Nonprofit says almond and alfalfa crops depleting California water resources

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Nonprofit says alfalfa and almond crops depleting California water resources
Photo credit: Food and Water Watch

STATEWIDE – Big Ag, Big Oil, and the California Water Crisis reports that most of California’s water goes not for individual use, but instead to fossil fuel interest and corporate agriculture – including alfalfa and almond crops. The Food and Water Watch group released the updated report to acknowledge that although California received heavy rain and snow in January 2023, the state remains in drought and long-term water issues persist

The nonprofit group argues that government attention and media coverage about drought focuses on things individuals can do to save water, but ignores the fact that agriculture uses the most water.

“In California, 80% of our water goes toward agriculture and 20% of that goes to tree nuts. Around two-thirds of these nuts are exported overseas, leaving massive profits for corporate titans, but less water in California,” states the report.

Almonds Crops

California’s almonds were valued at $5 billion in 2021. According to the report, the almond boom has been a windfall for a handful of corporate farms, including the Wonderful Company — one of the largest growers and packers of almonds and pistachios in the world. Beverly Hills billionaires Stewart and Lynda Resnick own the Wonderful Company.

“The Resnicks are also major political contributors and gave $250,000 to Governor Newsom’s campaign against the recall election in 2021,” says the report.

Almond acreage in California has increased steadily since the 1990s and nearly 78 percent from 2010 to 2022. 

Nonprofit says alfalfa and almond crops depleting California water resources
Photo credit: Food and Water Watch

The report says that the Westlands Water District in the southwestern San Joaquin Valley is home to rampant almond production. The district pumped more than 326 billion gallons of groundwater from 2015 to 2020. This is enough to provide more than half of California’s residents with the new recommended amount of daily indoor water usage – 42 gallons per person per day, for one year.  

“Nevertheless, during the Trump administration, the U.S. Department of the Interior awarded the Westlands Water District a massive, permanent water contract that, according to the Los Angeles Times, would provide the district with around twice as much water as is used by the 4 million residents of Los Angeles each year,” states the report.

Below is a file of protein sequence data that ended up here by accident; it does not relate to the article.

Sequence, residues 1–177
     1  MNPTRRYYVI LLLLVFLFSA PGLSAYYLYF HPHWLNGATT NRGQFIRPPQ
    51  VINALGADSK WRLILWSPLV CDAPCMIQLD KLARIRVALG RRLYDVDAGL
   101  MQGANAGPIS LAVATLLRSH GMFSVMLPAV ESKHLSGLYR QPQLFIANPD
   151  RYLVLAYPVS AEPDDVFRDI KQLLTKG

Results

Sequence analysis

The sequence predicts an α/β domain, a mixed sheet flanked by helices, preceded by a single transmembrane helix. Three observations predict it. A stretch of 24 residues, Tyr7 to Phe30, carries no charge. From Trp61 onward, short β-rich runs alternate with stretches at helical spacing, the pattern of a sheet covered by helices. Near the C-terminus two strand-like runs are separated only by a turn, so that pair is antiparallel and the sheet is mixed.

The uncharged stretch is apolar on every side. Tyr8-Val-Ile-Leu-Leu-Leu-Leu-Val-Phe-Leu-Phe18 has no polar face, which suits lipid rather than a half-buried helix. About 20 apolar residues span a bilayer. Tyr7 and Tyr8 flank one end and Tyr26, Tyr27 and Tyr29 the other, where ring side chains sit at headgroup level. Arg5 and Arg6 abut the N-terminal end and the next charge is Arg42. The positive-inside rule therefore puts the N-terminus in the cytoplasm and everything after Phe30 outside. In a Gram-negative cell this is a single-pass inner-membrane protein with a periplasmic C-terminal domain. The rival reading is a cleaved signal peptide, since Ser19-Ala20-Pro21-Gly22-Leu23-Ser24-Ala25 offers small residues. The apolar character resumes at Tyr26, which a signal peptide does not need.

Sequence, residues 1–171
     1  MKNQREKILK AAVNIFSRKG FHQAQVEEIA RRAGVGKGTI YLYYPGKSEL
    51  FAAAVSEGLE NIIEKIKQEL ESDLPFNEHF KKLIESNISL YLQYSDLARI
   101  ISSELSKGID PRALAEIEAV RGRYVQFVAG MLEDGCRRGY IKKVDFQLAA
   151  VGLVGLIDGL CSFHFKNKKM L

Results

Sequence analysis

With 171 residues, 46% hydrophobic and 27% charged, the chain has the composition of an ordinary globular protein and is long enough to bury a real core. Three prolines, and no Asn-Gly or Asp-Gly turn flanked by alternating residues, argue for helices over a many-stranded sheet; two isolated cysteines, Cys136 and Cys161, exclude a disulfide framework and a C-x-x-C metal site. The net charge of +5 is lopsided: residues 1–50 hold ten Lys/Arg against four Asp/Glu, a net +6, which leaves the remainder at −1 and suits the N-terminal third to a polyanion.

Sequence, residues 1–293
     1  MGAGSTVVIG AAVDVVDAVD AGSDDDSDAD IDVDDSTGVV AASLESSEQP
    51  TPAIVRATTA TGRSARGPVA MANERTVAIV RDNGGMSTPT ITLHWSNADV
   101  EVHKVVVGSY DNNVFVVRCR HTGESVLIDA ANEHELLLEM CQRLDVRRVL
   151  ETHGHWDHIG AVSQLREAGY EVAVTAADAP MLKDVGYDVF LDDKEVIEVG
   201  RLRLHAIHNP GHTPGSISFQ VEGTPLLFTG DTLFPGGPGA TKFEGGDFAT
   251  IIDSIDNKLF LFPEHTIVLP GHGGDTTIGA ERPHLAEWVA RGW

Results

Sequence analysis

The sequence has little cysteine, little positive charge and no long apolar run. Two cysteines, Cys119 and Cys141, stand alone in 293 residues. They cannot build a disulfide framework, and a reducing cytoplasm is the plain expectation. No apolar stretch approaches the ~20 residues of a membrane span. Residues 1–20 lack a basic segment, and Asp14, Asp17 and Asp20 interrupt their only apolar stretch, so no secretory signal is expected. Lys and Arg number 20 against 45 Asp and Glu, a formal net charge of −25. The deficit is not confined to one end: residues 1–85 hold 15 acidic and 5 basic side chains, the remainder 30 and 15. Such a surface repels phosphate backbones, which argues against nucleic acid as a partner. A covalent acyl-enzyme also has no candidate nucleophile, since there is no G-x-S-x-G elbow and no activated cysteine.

Exporting Alfalfa

Food and Water Watch says another 16% of California’s water is used for alfalfa. Alfalfa is a water-intensive crop used to feed cows on factory farms or for export. 

“In 2020, California exported 35 percent of its hay – which includes alfalfa, making it the state’s twelfth most valuable export, generating hundreds of millions in revenue for large landowners,” states the report.

For example, Fondomonte Farms, a subsidiary of the Saudi company Almarai, owns 15,000 acres and massive storehouses in Blythe. They grow and export alfalfa back to Saudi Arabia to feed dairy cows. The move to California and other parts of the southwest came after the Saudi government banned growing livestock feed in 2016. 

“The Saudi government determined that these water intensive crops were not a good match for the desert climate and limited freshwater resources in Saudi Arabia,” states the report.

The report goes on to list mega dairy factory farms water consumption at 142 million gallons a day. In addition, oil and gas companies used over 3 billion gallons of freshwater for drilling operations between January 2018 and March 2021.

“At the same time, fossil fuel operations have polluted California’s aquifers with dirty wastewater,” states the report.

California’s Management Strategy

The report says that California has implemented water laws and rights in a way that fails to protect the finite resource. This contributes to water shortages in the state. 

In California, a “water right” does not constitute ownership of water. It is rather a legally recognized entitlement to use water for “reasonable” and “beneficial” uses without harming anyone else’s water entitlements.

Photo credit: Food and Water Watch

The report states that the water shortage that places a burden on the state’s most vulnerable communities is due to:

  • the complicated water entitlement system;
  • promising corporations more water than available;
  • and lack of groundwater withdrawal regulations. 

Food and Water Watch says in August 2022, Newsom released a plan that claimed to prepare California for a drier future. 

“Yet rather than take on Big Ag and Big Oil, which are driving the climate crisis and drought, Governor Newsom is promoting industry boondoggles like desalination and building massive tunnel projects to further complicate California’s water system,” states the report.